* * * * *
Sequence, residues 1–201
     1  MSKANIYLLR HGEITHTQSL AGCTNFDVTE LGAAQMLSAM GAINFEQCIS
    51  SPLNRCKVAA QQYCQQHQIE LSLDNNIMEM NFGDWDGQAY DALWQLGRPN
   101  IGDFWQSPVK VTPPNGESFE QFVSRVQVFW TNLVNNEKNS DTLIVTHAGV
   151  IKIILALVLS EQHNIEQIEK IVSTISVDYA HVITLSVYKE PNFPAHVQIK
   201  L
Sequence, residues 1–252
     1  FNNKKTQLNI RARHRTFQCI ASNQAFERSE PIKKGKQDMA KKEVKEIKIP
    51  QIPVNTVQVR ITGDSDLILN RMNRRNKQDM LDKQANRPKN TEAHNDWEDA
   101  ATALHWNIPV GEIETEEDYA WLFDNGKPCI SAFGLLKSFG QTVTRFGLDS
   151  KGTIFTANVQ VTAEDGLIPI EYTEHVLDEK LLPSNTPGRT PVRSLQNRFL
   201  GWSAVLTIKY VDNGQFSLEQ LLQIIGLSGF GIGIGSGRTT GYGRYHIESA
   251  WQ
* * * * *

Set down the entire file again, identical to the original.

Sequence, residues 1–201
     1  MSKANIYLLR HGEITHTQSL AGCTNFDVTE LGAAQMLSAM GAINFEQCIS
    51  SPLNRCKVAA QQYCQQHQIE LSLDNNIMEM NFGDWDGQAY DALWQLGRPN
   101  IGDFWQSPVK VTPPNGESFE QFVSRVQVFW TNLVNNEKNS DTLIVTHAGV
   151  IKIILALVLS EQHNIEQIEK IVSTISVDYA HVITLSVYKE PNFPAHVQIK
   201  L
Sequence, residues 1–252
     1  FNNKKTQLNI RARHRTFQCI ASNQAFERSE PIKKGKQDMA KKEVKEIKIP
    51  QIPVNTVQVR ITGDSDLILN RMNRRNKQDM LDKQANRPKN TEAHNDWEDA
   101  ATALHWNIPV GEIETEEDYA WLFDNGKPCI SAFGLLKSFG QTVTRFGLDS
   151  KGTIFTANVQ VTAEDGLIPI EYTEHVLDEK LLPSNTPGRT PVRSLQNRFL
   201  GWSAVLTIKY VDNGQFSLEQ LLQIIGLSGF GIGIGSGRTT GYGRYHIESA
   251  WQ